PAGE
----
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I am using preg_replace to replace a list of words in a text that may contain some urls. The problem is that I don't want to replace these words if they're part of a url.

These examples should be ignored:

foo.com

foo.com/foo

foo.com/foo/foo

For a basic example (written in php), I tried to ignore strings containing .com and optional slashes and chars, using a negative look ahead assertion, but with no success:

preg_replace("/(\b)foo(\b)/", "$1bar$2(?!(\w+\.\w+)*(\.com)([\.\/]\w+)*)", $text);

This call works just ignores the word before .com. Any help would be really appreciated.

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1 Answer 1

up vote 0 down vote accepted

In cases like these, its much easier to think of the problem inverted. You want to match words not in an url. Instead think, you want to match the url and the words. So, your expression would look like this: url_match_here|(?:my|words|here). This will allow the regex engine to consume the URL first and then try to match those words. Thus, you never have to worry about matching the words inside an URL. If you want to maintain the text structure, you can use preg_replace, with the following expression (url_match_here)|(?:my|words|here) and replace by \1 to preserve the URL and the text.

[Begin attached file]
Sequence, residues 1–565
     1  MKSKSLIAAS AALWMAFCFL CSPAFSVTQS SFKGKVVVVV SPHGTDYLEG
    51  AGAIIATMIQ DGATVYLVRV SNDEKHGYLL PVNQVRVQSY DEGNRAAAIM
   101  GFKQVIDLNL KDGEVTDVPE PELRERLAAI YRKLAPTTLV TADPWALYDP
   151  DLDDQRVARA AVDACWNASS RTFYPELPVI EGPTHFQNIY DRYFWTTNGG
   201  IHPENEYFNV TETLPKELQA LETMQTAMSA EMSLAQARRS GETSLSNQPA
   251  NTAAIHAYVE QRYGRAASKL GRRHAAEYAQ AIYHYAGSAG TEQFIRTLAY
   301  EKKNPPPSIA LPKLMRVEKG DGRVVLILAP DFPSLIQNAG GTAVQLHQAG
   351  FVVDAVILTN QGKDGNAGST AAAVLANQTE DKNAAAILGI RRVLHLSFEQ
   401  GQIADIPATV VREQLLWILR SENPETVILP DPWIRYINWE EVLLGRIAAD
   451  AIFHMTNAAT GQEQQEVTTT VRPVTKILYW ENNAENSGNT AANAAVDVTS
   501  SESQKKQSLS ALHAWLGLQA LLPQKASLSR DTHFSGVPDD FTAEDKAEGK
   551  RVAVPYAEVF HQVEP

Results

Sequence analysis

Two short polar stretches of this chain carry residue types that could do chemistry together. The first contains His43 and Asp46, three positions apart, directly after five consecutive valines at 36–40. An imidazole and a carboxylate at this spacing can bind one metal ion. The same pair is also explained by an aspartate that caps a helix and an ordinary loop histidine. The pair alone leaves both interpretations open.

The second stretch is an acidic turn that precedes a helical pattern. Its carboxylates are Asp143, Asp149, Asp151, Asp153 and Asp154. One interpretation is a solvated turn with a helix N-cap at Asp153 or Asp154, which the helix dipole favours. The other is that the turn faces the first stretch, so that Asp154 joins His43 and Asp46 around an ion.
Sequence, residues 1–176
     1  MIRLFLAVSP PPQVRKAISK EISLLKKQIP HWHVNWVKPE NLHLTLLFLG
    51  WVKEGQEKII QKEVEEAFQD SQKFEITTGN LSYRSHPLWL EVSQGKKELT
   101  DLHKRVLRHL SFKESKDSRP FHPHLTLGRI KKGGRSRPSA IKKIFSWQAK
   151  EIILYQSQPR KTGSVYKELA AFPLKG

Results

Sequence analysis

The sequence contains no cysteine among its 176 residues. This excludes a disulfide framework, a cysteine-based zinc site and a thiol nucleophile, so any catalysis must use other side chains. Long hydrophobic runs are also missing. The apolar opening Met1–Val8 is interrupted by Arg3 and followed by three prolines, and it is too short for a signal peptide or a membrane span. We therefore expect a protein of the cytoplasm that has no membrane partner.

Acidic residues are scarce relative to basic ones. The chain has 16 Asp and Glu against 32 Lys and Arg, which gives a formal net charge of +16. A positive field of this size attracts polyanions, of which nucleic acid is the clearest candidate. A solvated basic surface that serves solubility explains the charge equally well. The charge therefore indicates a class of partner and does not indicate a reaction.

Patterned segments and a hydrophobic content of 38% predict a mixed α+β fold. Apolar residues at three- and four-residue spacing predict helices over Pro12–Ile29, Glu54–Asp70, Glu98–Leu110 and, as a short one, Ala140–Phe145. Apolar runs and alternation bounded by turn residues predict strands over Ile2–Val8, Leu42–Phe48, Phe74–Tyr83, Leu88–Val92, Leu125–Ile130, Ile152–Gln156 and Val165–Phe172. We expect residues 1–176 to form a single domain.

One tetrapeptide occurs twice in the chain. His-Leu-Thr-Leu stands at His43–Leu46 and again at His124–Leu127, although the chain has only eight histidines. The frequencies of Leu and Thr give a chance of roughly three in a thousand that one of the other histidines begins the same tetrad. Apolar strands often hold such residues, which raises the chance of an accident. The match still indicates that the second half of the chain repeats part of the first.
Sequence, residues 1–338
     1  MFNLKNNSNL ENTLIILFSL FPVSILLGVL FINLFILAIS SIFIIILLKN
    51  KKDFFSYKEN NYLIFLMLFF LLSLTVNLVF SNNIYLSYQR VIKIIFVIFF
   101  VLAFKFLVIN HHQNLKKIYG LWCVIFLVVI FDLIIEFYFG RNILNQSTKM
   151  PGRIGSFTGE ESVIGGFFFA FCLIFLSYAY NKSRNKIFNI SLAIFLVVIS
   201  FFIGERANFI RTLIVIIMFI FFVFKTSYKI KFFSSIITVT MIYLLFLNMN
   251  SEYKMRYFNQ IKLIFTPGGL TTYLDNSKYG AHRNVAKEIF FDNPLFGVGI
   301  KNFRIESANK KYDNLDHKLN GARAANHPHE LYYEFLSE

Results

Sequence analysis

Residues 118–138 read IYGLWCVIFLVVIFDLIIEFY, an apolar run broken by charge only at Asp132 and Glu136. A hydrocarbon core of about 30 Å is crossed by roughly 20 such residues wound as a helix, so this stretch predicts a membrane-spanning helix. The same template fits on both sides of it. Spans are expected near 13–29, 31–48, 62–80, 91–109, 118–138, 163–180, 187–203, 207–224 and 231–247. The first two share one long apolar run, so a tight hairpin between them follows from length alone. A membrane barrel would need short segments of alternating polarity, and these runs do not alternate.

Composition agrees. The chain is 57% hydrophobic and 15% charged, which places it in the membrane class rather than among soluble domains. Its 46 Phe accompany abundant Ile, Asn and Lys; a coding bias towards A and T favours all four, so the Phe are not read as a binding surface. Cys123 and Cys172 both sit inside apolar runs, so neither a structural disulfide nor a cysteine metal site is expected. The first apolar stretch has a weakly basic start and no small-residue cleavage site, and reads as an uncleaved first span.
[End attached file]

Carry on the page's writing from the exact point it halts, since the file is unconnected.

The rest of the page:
I hope this helps.

Good luck.

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I'm not sure about how to achieve that. How can a make the replacement only when the second opction matches? for example foo foo.com should produce bar foo.com but your solution will produce bar foo.com bar –  savioret Aug 27 '12 at 11:46
    
Finally I was able to solve the problem using your approach, but I was only able to consume the discarded part of the string using a preg_replace_callback function and inside the callback decide if I was processing or no the matched string. –  savioret Oct 24 '12 at 16:15
    
Glad you got it to work. I had completely missed your comment, sorry. –  Lindrian Oct 25 '12 at 8:18

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